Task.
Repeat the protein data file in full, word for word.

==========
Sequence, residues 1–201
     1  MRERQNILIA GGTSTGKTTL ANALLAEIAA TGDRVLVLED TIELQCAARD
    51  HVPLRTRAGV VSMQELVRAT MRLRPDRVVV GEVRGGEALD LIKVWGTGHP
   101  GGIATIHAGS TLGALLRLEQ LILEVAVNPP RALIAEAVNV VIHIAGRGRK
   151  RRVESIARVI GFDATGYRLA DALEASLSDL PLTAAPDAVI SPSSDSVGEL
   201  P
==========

Sequence, residues 1–201
     1  MRERQNILIA GGTSTGKTTL ANALLAEIAA TGDRVLVLED TIELQCAARD
    51  HVPLRTRAGV VSMQELVRAT MRLRPDRVVV GEVRGGEALD LIKVWGTGHP
   101  GGIATIHAGS TLGALLRLEQ LILEVAVNPP RALIAEAVNV VIHIAGRGRK
   151  RRVESIARVI GFDATGYRLA DALEASLSDL PLTAAPDAVI SPSSDSVGEL
   201  P